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20 minutes ago, peterboat said:

...........the virus has proven that maybe a third of the country can work from home, reps can do business by skype, zoom or team so they dont need cars or offices anymore

Working from home is possible  but its not necessarily a long term solution. I work in a team at that has been possible only because it was  a team established before Covid.  I cant imagine how a new starter such as a school leaver would be introduced into the workplace if everyone is working from home . 

We have found the missing element of working together in  the office has reduced our productivity. I am convinced that a return to office working will be the way forwards but more flexible working hours and allowing working from home when it is appropriate will be allowed where it was previously discouraged.

We had been using Microsoft Teams conference calling before Covid  in the later part of 2019 and it has been and remains a major part of our normal day in the working from home. 

Teams  has certainly saved  me travelling quite a few thousands of miles by car and I hope this will continue. However I do think things will revert to previous practice after  the vaccinations reduce risk to no worse than any other disease or infection.

Edited by MartynG

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10 minutes ago, MartynG said:

Working from home is possible  but its not necessarily a long term solution. I work in a team at that has been possible only because it was  a team established before Covid.  I cant imagine how a new starter such as a school leaver would be introduced into the workplace if everyone is working from home . 

We have found the missing element of working together in  the office has reduced our productivity. I am convinced that a return to office working will be the way forwards but more flexible working hours and allowing working from home when it is appropriate will be allowed where it was previously discouraged.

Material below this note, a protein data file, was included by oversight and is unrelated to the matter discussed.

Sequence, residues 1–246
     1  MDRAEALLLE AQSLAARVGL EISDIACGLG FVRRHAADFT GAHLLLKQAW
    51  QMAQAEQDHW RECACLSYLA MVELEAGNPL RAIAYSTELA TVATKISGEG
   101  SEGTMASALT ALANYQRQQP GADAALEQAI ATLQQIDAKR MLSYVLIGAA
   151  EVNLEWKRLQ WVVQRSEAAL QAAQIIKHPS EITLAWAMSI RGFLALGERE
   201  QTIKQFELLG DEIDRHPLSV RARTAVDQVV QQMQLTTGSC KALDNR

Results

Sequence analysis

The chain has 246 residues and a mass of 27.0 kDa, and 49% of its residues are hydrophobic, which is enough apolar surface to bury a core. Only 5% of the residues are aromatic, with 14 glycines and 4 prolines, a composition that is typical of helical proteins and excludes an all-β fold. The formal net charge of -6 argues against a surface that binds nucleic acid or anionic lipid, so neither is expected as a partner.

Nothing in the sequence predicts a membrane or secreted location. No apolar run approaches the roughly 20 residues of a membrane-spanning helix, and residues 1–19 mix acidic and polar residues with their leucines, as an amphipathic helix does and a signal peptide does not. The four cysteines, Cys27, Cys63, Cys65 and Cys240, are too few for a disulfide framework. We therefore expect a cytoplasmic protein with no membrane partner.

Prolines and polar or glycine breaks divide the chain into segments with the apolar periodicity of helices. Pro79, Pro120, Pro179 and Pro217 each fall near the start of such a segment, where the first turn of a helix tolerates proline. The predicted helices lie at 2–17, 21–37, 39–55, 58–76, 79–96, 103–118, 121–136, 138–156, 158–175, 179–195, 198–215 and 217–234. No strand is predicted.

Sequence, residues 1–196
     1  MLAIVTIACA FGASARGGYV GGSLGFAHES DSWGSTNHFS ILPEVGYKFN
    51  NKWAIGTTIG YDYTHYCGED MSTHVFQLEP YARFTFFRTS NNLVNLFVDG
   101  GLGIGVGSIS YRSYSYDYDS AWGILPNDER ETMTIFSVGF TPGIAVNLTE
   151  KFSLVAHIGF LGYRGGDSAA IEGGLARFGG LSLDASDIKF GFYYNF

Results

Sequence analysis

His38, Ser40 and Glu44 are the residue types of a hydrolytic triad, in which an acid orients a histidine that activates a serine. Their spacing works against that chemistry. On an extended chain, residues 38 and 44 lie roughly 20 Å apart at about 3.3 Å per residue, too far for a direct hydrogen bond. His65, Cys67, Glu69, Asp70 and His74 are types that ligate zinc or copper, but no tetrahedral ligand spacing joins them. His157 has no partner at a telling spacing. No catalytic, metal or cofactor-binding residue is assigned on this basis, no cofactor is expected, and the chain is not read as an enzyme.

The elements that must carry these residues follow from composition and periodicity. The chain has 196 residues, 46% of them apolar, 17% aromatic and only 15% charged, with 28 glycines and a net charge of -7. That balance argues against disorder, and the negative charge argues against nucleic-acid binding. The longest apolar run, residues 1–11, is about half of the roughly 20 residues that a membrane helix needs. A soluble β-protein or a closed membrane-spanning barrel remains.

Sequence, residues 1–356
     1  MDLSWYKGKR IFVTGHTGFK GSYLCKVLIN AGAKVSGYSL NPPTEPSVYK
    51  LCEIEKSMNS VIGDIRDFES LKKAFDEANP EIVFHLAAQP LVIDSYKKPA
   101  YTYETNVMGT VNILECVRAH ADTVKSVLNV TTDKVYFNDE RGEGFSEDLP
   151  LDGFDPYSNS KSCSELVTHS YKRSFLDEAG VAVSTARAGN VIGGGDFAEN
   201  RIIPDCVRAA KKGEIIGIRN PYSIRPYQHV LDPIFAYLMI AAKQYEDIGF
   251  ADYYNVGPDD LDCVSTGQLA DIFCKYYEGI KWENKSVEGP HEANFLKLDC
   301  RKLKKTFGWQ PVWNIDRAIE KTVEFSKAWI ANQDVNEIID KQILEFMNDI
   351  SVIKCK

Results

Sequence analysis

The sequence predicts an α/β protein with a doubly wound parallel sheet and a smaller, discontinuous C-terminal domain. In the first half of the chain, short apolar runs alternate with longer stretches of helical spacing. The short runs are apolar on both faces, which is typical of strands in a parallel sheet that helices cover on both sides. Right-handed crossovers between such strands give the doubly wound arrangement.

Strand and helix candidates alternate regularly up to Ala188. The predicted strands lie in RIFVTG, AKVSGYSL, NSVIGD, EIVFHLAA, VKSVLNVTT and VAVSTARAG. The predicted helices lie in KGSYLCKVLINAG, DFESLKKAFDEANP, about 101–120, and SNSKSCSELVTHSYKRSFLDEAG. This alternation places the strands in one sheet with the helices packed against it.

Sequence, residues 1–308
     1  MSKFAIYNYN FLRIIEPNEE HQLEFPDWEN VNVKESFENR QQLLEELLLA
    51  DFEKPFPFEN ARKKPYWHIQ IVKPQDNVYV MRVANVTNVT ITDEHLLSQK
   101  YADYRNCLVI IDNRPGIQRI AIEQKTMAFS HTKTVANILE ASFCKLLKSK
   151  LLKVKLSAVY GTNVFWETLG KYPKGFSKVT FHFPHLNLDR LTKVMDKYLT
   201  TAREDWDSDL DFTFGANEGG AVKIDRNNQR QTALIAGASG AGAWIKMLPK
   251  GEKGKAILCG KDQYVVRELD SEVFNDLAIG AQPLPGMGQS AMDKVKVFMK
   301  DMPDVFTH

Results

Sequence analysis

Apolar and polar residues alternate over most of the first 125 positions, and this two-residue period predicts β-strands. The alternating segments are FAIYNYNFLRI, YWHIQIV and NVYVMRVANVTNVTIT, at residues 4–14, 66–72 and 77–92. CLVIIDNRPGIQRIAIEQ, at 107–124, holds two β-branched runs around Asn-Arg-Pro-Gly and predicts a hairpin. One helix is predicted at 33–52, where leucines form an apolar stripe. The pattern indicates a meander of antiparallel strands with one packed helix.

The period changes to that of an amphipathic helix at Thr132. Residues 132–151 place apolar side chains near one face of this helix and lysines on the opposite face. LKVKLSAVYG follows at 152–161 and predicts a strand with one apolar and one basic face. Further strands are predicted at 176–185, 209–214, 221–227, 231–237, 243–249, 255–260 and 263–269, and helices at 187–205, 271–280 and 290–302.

We had been using Microsoft Teams conference calling before Covid  in the later part of 2019 and it has been and remains a major part of our normal day in the working from home. 

Teams  has certainly saved  me travelling quite a few thousands of miles by car and I hope this will continue. However I do think things will revert to previous practice after  the vaccinations reduce risk to no worse than any other disease or infection.

Exactly the opposite to my partner Jayne and sister louise productivity gone up office leases going! One works for DWP other council, I think that things will ever go back to how the were, it will save companies millions 

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15 minutes ago, peterboat said:

Exactly the opposite to my partner Jayne and sister louise productivity gone up office leases going! One works for DWP other council, I think that things will ever go back to how the were, it will save companies millions 

I am sure it very much depends on the nature of the work.

 

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On 20/11/2020 at 22:43, StephenA said:

I've repeatedly asked that question but there seems to be no answer.  Even if you use lamp posts as distribution points you're still going to have cables all over the place ... and what's to stop the scrotes coming down in the middle of the night and pulling all the plugs out.

Having lived in a country with far more charging points than the UK (albeit, not one per household), the cables do not get in the way of pedestrians. Not even close to being a problem.

 

I believe the plugs are locked, but I might be wrong.